“You will not be able to destroy them; you may even find yourselves fighting against God” (Acts 5:40).
Acts 5:34-42; John 6:1-15
Scarcity can serve as both a reminder of our dependence on one another and an opportunity for generosity that creates community. The familiar scenes of long lines of cars waiting for food assistance this past year have been tragic in a land of plenty but also reassuring that there were people able and willing to provide for others. What is most troubling is how fragile the social compact has become and that social inequality is widening between those with resources and so many others desperate for basic necessities of food, housing and security reminiscent of Depression era America a century ago.
The Lectionary returns to the multiplication of bread in the wilderness as a vision of the Beloved Community promised by the Resurrection of Jesus. His abundant life will be the measure of love in this world and the next. Scarcity becomes a feast with leftovers as Jesus invites the crowd to imitate a child who offered his meagre provisions to others. What greater miracle could match this moment when everyone did the same? Hearts opened first, then a banquet appeared from guarded bags and clutched cloaks. Individual survival gave way to communal need. Everyone had their fill and community was affirmed as the foundation of civilization and the possibility that strangers are really neighbors waiting to be welcomed.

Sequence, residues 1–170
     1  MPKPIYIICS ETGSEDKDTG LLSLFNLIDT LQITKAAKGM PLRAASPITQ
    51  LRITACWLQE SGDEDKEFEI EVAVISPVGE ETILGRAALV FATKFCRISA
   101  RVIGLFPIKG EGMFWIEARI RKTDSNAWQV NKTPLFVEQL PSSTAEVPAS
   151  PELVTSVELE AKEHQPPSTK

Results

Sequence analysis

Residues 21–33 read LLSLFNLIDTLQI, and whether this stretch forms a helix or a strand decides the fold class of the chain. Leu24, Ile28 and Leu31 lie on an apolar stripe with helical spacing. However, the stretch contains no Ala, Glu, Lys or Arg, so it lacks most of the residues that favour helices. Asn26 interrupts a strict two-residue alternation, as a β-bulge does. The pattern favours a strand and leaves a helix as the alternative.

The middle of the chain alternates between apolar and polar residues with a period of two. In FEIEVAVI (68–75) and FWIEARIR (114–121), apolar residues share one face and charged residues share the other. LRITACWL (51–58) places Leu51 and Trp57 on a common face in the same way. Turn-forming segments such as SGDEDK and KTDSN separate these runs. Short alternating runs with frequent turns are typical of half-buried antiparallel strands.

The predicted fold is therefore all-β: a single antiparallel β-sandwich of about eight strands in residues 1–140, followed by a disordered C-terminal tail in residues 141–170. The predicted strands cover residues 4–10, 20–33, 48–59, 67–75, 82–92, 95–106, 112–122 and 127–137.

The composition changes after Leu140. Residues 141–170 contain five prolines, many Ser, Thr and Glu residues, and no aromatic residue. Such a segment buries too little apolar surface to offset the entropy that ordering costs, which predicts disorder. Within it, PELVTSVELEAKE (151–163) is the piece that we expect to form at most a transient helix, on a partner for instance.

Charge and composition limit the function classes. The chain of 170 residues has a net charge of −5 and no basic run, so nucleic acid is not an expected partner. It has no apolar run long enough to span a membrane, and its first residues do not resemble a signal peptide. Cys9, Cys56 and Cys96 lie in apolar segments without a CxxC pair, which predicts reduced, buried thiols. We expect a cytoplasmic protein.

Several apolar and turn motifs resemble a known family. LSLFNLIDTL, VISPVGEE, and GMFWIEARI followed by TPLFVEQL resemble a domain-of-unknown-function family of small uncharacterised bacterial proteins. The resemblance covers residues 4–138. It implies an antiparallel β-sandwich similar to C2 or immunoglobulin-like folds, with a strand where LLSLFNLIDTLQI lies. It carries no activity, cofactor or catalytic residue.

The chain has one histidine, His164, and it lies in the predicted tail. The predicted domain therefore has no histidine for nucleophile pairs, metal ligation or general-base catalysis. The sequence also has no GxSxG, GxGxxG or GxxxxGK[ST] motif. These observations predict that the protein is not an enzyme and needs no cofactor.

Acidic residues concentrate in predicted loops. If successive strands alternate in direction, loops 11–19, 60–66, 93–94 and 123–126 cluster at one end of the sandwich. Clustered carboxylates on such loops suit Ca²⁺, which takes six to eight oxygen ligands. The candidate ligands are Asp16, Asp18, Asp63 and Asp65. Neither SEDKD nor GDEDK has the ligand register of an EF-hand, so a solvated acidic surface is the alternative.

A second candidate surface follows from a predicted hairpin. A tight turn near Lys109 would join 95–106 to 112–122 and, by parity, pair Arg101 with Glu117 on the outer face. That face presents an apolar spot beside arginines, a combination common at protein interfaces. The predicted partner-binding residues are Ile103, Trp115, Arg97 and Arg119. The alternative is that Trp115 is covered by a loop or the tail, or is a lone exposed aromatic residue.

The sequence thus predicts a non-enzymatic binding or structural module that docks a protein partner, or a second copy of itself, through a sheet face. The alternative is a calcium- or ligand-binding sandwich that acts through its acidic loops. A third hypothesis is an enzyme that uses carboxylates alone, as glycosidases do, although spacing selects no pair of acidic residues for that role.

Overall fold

The Gospel is not a pious ideal but a revolution and a counter cultural challenge to economic systems that balance scarcity and production to create profit from resources that already belong to everyone and labor that must sacrifice integrity and fairness to survive market forces and investor expectations. By feeding the hungry Jesus threatened Roman control of land and food held at sustenance levels to keep a conquered empire dependent and compliant.
Celebrating Passover in the wilderness with 5,000 hungry people challenged the official observance in Jerusalem by reenacting the original escape from slavery to freedom led by Moses and the manna in the desert. Rome and the temple establishment took note of Jesus of Nazareth. The high priest Caiaphas knew that it was better for one man to die for the people than for the whole nation to perish (John 11:50) and Pilate was ready to execute an innocent man rather than have reports go to Rome that he had been soft on a local subversive.
The universal story of power, money and control was exposed when Jesus cleansed the temple. His execution brought love and death together in the decisive conflict that would decide the fate of the world and the direction of history. Divine mercy met sin and death on the cross and God’s verdict was an empty tomb and the breath of the Holy Spirit resuscitating human hope in the crucified and risen Christ as the path to a new creation with a divine destiny. We are witnesses to these things and have been sent to tell the world not to be afraid because there is enough of everything for everyone.